CG Conversation with Renderviz Maria Prem


The most challenging part in this industry is to make your images “speak”. Speak as in let the image fulfill its purpose of showing something which is not there but how it’s going to be if its there.

Maria Prem, an architect by profession runs an architectural visualization company in Coimbatoreby the name of Renderviz.

Architectural Visualisation is yet another field that uses CG in a big way.While there is a marked difference in approach of a CG professional working in visualization as compared to someone in entertainment, there are a few similarities too (especially the technicalities)

Following are excerpts from a CG Conversation that Animation ‘xpress lighting & rendering specialist Poonam Shah had with Renderviz Maria Prem

Could you tell us about yourself and how you got into the industry.
I am an architect running Renderviz, a CG architectural visualization firm for the past five years. After graduation, I had a Pentium 486 and a dos version of 3d studio 4 … and since I was bored, I started dabbling in it. Since I was an architect, the only thing I wanted to do was architectural visualization. It started out as a hobby and as time progressed I realized I was getting paid good money to do what I liked most. That’s how Renderviz came into existence.

Where do you get your inspiration and what influences for your treatments?
When I was in college, I used to draw with pens and color pencils, the old school way, I was exposed to a lot of non digitized techniques of art. Lot of emphasis was laid upon presentation and I used to go through the rendering techniques of airbrushes, charcoal, watercolor, pen and ink of different people and those remain my inspirations. Given the field I am in and the nature of my work, a majority of my renders are towards photorealism. The only thing that influences my artwork is nature and surroundings..

nullWhat software do you use on your projects?
I model in Autocad, texture in 3Dstudio and use VRay as my rendering plugin. Photoshop is used for adding some finishing touches and jazzing up the image.

How much of your final image is straight from the renderer and how much is edited is post production?
Well if you take exteriors, the building is the only thing that comes out of the Renderer, the rest of it, backgrounds, trees, people shrubs are all photo-shopped and color corrected to the building. Only a minimal part of the color correction of the building is done in Photoshop say close to 5%. In the interiors, it is generally 5-10%, just checking levels and minor tweaks in curves  does great things to your image.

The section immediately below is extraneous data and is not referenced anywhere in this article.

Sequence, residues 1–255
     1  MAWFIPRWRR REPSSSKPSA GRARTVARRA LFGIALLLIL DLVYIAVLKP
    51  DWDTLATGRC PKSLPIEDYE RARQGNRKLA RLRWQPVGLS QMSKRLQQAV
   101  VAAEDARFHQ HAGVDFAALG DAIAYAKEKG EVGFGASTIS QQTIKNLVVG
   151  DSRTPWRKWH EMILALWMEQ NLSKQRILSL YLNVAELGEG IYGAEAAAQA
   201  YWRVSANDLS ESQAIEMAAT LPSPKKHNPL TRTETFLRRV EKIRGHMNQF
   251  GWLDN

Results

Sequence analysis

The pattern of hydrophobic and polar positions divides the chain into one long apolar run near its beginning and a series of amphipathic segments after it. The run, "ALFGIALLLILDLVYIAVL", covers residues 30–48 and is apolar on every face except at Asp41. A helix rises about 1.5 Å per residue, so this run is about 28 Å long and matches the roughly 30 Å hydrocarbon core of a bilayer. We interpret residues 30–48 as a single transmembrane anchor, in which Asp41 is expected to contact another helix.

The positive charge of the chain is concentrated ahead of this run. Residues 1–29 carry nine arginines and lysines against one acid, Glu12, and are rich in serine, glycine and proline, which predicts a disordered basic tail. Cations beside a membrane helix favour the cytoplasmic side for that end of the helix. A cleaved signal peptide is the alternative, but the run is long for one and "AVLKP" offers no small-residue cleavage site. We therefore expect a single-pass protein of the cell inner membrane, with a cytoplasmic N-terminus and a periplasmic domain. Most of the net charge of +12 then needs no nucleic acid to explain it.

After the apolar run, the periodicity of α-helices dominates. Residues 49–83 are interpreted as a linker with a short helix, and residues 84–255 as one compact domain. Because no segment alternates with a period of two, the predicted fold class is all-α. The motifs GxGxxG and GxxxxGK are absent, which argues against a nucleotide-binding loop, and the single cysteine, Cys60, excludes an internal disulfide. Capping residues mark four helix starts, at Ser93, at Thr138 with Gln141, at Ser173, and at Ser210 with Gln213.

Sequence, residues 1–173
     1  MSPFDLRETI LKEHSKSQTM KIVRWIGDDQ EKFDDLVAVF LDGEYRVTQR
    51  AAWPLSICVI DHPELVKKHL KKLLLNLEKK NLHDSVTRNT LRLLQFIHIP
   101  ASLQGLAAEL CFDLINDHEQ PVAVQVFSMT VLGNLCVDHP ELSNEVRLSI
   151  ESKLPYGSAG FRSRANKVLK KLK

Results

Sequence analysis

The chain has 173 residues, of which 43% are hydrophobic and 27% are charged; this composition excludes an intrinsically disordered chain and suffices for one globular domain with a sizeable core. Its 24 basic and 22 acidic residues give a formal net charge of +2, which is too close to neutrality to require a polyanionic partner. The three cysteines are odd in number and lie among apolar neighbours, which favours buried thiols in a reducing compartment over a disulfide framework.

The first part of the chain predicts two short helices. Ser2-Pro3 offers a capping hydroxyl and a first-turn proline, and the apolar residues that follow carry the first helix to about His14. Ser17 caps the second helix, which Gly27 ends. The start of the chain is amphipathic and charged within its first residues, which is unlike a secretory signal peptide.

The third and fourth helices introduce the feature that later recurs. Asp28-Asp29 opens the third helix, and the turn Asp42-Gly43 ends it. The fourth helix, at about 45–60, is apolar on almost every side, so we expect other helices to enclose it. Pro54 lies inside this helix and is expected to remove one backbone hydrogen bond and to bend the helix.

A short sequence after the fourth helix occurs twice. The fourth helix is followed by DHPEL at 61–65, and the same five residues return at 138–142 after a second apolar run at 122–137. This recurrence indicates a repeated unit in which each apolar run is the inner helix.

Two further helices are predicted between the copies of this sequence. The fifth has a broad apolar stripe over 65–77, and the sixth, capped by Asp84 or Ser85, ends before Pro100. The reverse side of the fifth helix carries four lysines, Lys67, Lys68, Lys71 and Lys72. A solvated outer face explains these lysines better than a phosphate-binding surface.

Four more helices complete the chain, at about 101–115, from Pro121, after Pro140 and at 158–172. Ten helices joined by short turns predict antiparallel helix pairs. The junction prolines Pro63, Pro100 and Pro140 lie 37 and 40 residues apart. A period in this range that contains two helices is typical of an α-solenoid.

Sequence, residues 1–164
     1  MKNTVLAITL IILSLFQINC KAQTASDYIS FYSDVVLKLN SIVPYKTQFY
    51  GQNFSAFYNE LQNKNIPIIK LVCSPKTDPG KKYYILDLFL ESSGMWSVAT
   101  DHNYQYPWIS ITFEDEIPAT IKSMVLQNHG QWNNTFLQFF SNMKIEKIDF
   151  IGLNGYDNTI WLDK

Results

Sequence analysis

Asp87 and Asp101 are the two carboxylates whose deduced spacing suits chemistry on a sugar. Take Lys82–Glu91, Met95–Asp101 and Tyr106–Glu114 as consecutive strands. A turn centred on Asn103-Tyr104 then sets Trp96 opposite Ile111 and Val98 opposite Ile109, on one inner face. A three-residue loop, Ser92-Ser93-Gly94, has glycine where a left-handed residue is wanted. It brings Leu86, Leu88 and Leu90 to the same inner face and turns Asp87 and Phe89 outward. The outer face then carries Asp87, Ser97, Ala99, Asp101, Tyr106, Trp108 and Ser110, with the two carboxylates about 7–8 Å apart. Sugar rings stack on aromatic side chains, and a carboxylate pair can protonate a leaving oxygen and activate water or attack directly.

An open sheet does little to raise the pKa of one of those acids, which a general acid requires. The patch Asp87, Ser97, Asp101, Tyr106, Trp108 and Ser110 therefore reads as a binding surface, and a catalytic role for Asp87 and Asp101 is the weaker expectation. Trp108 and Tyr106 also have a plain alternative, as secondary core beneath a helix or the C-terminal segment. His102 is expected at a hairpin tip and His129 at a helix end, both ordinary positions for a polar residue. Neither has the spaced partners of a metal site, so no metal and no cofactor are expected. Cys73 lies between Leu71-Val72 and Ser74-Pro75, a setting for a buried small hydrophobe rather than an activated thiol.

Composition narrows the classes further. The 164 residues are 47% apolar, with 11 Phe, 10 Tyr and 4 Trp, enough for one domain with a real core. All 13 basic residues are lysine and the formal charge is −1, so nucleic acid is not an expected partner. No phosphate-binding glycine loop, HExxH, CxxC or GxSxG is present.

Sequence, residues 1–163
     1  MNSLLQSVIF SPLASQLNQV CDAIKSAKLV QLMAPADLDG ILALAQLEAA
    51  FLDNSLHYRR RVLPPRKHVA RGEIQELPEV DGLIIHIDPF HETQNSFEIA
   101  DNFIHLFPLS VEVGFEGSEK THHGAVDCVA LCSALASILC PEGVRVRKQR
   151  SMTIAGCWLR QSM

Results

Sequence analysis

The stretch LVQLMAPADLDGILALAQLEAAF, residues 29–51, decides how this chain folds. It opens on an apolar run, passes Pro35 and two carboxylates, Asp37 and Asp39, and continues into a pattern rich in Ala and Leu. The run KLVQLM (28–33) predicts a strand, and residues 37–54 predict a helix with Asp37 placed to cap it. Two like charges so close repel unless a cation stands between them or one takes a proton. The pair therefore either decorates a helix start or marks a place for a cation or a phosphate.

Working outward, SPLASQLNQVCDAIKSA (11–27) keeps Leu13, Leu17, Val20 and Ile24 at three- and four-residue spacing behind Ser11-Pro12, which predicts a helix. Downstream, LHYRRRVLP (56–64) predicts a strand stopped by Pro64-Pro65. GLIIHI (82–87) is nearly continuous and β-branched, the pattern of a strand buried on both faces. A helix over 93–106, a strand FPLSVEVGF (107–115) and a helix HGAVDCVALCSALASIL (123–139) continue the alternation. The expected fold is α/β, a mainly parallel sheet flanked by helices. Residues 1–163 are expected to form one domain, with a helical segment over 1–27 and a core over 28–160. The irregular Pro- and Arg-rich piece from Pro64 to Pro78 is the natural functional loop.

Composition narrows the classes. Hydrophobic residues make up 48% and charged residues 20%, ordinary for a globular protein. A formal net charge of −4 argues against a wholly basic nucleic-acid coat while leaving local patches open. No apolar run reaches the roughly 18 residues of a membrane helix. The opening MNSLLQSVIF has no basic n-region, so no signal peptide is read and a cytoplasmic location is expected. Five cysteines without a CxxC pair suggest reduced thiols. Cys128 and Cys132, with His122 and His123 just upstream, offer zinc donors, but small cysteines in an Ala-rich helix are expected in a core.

How do you plan the lighting for your scenes?
In both exteriors and interiors, the fundamental thing to do is create some emotion and make the viewer feel the image. In exteriors the way to do this is create a mood with shadows and foliage. I keep changing the Sun, position and color till I am satisfied that it complements the building. In interiors, I like to create a warm atmosphere and play with both natural and artificial lighting to enliven the spaces.

What type of projects have you not yet had the opportunity to work on, but would like to at some point?
There are two kinds of projects that I would like to do, One, a really huge skyscraper, and two, broken down dirty ruins.

What do you find to be the most challenging part of working in the Architectural Visualization industry?
The most challenging part in this industry is to make your images “speak”. Speak as in let the images fulfill its purpose of showing something which is not there but how it’s going to be if its there.

What do you like the most about working in this industry?
I love drawing, I love buildings, I love computers. This industry is a mixture of all three. What’s better than this!

nullDo you have any special tricks in getting photorealism?
I look at spaces surrounding me, I look at stock photographs, I observe how sunlight reacts to different materials, how the environment shadows are softer. Photorealism is the easiest to mimic because it’s easy to know where you go wrong and how it should be. All you have to do is look around you.

For new artists coming into this industry what advice would you give them?
Experimentation, observation, reading that’s what they got to do. Experiment different settings, different lights, moods. Never be satisfied with settings as God-given, learn to change it. Observe the spaces around you and the light and photographs of the spaces and thirdly read all the forums, books on the subject. Finally as some architect as said “God is in the details”

Any artists you particularly admire?
Chen qi feng , Saluto , icube ( a Russian firm) , zuliban , khrista and among Indians Mukks, Girish , Poonam…. These are all people whose work I admire….